Melbourne: Defending champion Novak Djokovic fought off an incredible five-hour challenge from Swiss Stanislas Wawrinka to reach the quarter-finals at the Australian Open early Monday.
The Serb world number one was down a set and 1-4, before recovering to go through in five sets 1-6, 7-5, 6-4, 6-7 (5/7), 12-10 in 5hr 2min on Rod Laver Arena.
Meanwhile, David Ferrer will face Nicolas Almagro in an all-Spanish quarter-final at the Australian Open after they took contrasting roads to the last eight on Sunday.
Ferrer, the fourth seed in celebrated countryman Rafael Nadal’s absence, wore down Japan’s Kei Nishikori in straight sets to reach his third straight quarter-final at the year-opening Grand Slam.
But 10th seed Almagro was only on court for over an hour before his Serbian opponent Janko Tipsarevic retired with a foot injury at 6-2, 5-1.
Ferrer, on track to face defending champion Novak Djokovic in the semi-finals, has never lost to Almagro in 12 meetings.
Djokovic was due to face Swiss 15th seed Stanislas Wawrinka in a night match later Sunday on Rod Laver Arena, with the winner to face Czech fifth seed Tomas Berdych in the quarters.
Berdych defeated Kevin Anderson 6-3, 6-2, 7-6 (15/13) in 2hr 44min after surviving a nerve-racking tiebreaker in which the South African had five set points.
Ferrer, who will usurp Nadal as world number four after the Open, was far too consistent and disciplined for 16th seed Nishikori, winning 6-2, 6-1, 6-4 in 2hr 10min, but he dismissed suggestions he was in the top four on merit.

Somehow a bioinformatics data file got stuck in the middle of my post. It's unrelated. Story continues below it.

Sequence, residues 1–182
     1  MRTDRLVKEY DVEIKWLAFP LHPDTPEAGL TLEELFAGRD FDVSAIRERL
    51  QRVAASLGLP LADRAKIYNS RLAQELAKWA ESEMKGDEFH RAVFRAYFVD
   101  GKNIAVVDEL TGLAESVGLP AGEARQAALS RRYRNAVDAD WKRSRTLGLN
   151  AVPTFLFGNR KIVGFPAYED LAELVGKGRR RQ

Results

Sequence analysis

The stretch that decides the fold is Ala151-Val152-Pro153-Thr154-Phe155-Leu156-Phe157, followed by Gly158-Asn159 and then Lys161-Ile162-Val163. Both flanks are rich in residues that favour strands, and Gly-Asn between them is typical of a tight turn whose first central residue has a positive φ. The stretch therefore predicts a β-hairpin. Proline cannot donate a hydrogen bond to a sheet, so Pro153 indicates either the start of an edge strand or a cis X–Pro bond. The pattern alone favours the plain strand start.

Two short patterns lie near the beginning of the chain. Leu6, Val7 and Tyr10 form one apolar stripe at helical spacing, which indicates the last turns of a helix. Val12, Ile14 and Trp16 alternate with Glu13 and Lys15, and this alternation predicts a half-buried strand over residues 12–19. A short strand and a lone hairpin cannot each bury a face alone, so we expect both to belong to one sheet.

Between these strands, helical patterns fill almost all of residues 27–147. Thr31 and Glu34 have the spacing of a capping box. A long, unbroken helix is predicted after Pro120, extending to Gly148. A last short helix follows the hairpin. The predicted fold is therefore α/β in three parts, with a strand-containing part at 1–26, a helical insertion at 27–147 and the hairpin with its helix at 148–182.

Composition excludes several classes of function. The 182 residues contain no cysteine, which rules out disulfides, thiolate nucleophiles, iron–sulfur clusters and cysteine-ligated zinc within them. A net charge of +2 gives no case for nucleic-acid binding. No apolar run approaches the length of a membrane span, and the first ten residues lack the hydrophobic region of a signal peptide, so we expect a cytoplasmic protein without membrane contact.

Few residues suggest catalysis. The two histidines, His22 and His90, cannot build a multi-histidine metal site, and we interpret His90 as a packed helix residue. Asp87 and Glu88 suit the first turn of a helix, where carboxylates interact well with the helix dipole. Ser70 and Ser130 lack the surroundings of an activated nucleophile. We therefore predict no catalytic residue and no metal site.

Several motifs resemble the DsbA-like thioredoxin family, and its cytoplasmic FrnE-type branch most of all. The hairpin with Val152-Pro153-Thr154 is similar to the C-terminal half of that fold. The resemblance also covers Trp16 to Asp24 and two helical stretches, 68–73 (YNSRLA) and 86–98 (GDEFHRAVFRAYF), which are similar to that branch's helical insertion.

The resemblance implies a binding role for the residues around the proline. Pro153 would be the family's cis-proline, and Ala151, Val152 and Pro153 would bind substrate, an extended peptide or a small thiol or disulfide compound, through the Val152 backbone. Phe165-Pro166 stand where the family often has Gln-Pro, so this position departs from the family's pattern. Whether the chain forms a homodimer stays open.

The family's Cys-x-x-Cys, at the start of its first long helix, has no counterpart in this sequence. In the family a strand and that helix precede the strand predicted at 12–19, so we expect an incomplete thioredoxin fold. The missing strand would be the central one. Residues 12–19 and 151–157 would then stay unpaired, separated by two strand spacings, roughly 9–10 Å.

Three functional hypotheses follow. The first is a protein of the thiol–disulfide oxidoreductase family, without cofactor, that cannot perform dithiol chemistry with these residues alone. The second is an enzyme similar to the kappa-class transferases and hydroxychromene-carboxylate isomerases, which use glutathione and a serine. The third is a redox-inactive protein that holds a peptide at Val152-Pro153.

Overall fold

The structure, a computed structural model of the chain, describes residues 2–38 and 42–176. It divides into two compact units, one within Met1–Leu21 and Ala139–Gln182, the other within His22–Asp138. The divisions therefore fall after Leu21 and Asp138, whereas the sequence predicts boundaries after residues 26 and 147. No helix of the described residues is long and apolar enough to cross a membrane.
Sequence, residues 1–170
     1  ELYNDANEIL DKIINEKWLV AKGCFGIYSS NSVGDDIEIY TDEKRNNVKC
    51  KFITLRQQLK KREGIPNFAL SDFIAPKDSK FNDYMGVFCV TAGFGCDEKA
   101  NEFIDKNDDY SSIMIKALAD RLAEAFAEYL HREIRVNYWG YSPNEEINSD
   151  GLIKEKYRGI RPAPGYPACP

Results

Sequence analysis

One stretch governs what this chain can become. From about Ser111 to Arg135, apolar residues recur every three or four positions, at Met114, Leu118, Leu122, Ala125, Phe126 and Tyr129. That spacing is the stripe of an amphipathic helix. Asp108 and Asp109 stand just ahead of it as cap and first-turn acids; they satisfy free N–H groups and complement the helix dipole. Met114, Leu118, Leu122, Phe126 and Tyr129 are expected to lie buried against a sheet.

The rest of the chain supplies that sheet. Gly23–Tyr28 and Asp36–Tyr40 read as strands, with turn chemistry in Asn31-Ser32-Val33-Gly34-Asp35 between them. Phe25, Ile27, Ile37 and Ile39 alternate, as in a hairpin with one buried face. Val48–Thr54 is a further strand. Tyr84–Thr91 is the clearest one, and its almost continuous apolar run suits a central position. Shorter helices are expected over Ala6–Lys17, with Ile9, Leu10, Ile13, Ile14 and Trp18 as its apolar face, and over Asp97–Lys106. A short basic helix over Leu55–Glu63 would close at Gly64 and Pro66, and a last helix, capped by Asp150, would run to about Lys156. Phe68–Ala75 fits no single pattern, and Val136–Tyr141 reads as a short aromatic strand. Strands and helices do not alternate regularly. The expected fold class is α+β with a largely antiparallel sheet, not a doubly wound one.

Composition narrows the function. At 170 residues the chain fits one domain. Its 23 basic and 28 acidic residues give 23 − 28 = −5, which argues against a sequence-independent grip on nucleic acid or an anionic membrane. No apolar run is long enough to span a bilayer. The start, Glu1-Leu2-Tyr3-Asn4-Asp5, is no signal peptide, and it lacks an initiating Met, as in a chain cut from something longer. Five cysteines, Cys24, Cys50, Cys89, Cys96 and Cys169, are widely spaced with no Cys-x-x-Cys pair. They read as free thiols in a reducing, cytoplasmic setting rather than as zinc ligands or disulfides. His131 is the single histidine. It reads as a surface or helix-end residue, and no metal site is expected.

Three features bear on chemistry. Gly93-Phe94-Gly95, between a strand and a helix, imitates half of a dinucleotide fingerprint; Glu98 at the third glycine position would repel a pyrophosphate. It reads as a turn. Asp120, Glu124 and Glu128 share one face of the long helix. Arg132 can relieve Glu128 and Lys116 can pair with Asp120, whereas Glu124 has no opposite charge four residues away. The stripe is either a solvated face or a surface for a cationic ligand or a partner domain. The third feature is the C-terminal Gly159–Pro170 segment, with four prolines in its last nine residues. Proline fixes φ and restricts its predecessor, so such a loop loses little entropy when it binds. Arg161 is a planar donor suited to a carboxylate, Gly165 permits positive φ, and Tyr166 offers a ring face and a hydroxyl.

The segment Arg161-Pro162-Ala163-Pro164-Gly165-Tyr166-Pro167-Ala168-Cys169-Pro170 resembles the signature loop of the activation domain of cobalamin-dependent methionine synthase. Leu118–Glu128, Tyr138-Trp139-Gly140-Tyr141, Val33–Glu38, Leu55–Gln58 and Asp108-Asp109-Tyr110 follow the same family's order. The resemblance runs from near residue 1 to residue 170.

“I am top four because Rafael has been injured a long time. It’s true,” Ferrer admitted.
“I think the top four, they are better. It’s my opinion. But I am trying to win every match. The results, are there, no? I’m not making something up.
“It’s very difficult for me to win a Grand Slam because there are the top four. At this time they are better than the other players.”
Ferrer was promoted to fourth seed in the year’s opening Grand Slam when Nadal pulled out with a stomach virus, after missing all of last year after Wimbledon with a knee injury.
Although Nishikori had beaten Ferrer in their only previous Grand Slam encounter at the 2008 US Open, this time it was clear-cut for the Spaniard.
Nishikori’s exit ended Asia’s hopes in the men’s singles draw as he was bidding to repeat last year’s quarter-final appearance in Melbourne.
“He gets every ball, so I have to work 100 percent on every point and he also return well,” Nishikori said of playing Ferrer. “It was hard to hold my serve. Yeah, it’s always tough to play against him.”
Meanwhile, Almagro said he was disappointed to go through to his first Australian Open quarter-final at the ninth attempt because of Tipsarevic’s injury.
“I’m not completely happy because Janko was injured. That’s not the way you want to win,” he said. “Sometimes you can’t do your best and you need to decide to stop if you want to be ready for the next tournament.
“I think he took the best decision if he’s really bad.”